The insurance industry will use information on your driving record (accidents and tickets) and assign “insurance eligibility points” when you apply or renew your auto insurance. Insurance eligibility points are not the same as the points assessed by the Michigan Secretary of State. Insurance companies use their own point system for purpose of calculating your premiums and may deny coverage if you have more than six (6) eligibility points within the past 3 years.
Nobody from the auto insurance industry will tell you that you should hire a lawyer for every traffic ticket because it is not in their economic interest to do so. The insurance industry calculates your premiums and discounts based upon many factors with the heaviest weight placed upon your past driving record. While your insurance company may give you a break for your first minor speeding ticket, you will not get a break for your second one or for a major traffic violation such as reckless driving (6 points), careless driving, (3 points), excessive speed violations, and several other traffic violations.
If you get a second ticket soon after paying your first ticket, getting a break in the court system is not a given. In fact, the best deals are preserved for those with the best records. You can assume that the prosecutor will have a copy of your driving record when you go to court. Some prosecutors may not make any plea bargain for those with bad records or may only offer a negligible concession.
The young and elderly take the biggest hit by just paying a ticket
As we have stated, your insurance premiums are based upon risk assessment. Unfortunately, young and elderly drivers are in the highest risk groups and face the biggest economic hits for traffic tickets. Risk rates are higher for all drivers 25 and under as well as drivers 70 and over. More than anyone, these groups need to be proactive and do everything possible to avoid getting traffic tickets and to fight any traffic tickets that occur.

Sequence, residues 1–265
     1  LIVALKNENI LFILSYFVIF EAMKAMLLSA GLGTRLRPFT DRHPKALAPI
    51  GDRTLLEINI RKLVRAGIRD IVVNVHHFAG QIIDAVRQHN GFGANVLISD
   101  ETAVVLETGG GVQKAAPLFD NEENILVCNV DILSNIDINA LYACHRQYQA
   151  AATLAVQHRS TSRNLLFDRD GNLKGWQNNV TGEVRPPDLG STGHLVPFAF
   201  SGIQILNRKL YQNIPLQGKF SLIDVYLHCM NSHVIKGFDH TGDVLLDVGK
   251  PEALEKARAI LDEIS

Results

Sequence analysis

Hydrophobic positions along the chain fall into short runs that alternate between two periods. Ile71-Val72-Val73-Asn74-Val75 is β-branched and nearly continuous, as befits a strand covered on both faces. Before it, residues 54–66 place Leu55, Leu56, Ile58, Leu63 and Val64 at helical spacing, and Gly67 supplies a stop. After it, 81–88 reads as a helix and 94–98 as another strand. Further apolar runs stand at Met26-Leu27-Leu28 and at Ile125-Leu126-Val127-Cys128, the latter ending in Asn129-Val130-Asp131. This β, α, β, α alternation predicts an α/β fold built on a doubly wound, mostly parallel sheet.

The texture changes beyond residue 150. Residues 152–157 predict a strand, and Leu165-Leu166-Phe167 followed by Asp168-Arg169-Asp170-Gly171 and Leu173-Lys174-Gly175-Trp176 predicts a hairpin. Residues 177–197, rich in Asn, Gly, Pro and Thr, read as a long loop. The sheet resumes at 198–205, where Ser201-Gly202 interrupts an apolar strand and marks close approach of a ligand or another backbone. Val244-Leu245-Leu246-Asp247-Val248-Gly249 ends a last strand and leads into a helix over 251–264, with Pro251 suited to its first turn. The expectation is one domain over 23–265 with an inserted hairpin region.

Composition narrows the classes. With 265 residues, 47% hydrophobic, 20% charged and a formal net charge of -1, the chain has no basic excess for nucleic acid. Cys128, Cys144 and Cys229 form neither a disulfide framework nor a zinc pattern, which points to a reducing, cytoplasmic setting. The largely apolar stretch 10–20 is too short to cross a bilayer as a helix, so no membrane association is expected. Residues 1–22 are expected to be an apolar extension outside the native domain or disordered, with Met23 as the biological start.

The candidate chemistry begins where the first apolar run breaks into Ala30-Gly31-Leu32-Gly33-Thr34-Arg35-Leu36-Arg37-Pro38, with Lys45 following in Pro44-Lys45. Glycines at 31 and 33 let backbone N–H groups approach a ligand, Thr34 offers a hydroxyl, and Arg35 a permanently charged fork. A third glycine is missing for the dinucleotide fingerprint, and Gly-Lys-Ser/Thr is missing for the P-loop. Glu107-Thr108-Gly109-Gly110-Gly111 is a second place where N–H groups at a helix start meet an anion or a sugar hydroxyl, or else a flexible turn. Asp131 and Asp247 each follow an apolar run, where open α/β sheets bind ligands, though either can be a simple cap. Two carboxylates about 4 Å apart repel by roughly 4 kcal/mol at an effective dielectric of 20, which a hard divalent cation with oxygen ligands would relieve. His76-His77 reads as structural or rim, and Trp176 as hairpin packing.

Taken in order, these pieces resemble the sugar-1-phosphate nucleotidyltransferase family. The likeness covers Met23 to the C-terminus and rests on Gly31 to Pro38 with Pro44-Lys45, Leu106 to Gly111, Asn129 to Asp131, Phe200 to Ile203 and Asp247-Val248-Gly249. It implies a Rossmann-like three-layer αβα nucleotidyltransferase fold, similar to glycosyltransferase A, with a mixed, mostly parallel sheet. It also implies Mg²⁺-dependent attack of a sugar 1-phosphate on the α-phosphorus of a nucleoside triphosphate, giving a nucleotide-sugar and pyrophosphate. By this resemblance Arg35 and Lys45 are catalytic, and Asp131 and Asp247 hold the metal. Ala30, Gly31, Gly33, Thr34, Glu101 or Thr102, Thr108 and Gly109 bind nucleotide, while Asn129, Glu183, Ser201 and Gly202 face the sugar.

What is the best resolution I can receive by fighting a traffic ticket? Avoiding points and entries on your driving record
If you have received a traffic ticket, the best outcome is a dismissal without court costs. A dismissal may occur several ways: winning at trial, the officer failing to appear for trial, or the prosecutor agreeing to this disposition. Since it is very rare for the prosecutor to agree to an outright dismissal and the outcome of a trial is uncertain, seeking a plea bargain is usually the best option for favorable resolutions of a traffic ticket. In fact, traffic tickets are similar to criminal cases and 90% or more are resolved by negotiating with the prosecutor for a plea bargain. Below is a list of the most common civil infraction violations:
- Speeding 16-25 mph over – 4 points, 3 points on freeway
- Speeding 11-15 mph over – 3 points, 2 points on freeway
- Disobeyed Stop Sign – 3 points
- Improper Passing – 3 points
- Ran Red Light – 3 points
- Failed to Yield – 2 points
- Speeding 6-10 mph over – 2 points, 1 point on freeway
Short of a dismissal, the best outcome that one can hope for is to get a traffic ticket reduced down to a NON-POINT AND NON-ABSTRACTABLE offense. The Michigan Motor Vehicle Code contains certain offenses that do not carry any points and are not abstracted on your record. The offenses that we commonly utilize to avoid points and abstracted records are “IMPEDING TRAFFIC” and “DOUBLE PARKING”. We have obtained these best outcome dispositions in every Macomb County District Court. However, getting a best outcome disposition will still require you to pay an assessment of a fine, typically between $150.00 to $180.00., but these offenses will never appear on your record for insurance rating purposes.